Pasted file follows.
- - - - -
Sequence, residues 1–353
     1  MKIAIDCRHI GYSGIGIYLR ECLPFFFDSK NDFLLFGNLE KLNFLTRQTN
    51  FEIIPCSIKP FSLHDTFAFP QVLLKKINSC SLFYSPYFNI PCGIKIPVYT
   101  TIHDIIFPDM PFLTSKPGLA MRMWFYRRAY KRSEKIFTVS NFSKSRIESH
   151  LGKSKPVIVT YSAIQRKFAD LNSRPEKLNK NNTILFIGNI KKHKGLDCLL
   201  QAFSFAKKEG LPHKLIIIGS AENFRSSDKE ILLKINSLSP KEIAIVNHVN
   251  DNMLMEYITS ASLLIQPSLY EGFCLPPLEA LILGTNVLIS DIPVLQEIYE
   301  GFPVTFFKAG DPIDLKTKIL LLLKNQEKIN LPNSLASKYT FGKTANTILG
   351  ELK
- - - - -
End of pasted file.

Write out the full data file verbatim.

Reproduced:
Sequence, residues 1–353
     1  MKIAIDCRHI GYSGIGIYLR ECLPFFFDSK NDFLLFGNLE KLNFLTRQTN
    51  FEIIPCSIKP FSLHDTFAFP QVLLKKINSC SLFYSPYFNI PCGIKIPVYT
   101  TIHDIIFPDM PFLTSKPGLA MRMWFYRRAY KRSEKIFTVS NFSKSRIESH
   151  LGKSKPVIVT YSAIQRKFAD LNSRPEKLNK NNTILFIGNI KKHKGLDCLL
   201  QAFSFAKKEG LPHKLIIIGS AENFRSSDKE ILLKINSLSP KEIAIVNHVN
   251  DNMLMEYITS ASLLIQPSLY EGFCLPPLEA LILGTNVLIS DIPVLQEIYE
   301  GFPVTFFKAG DPIDLKTKIL LLLKNQEKIN LPNSLASKYT FGKTANTILG
   351  ELK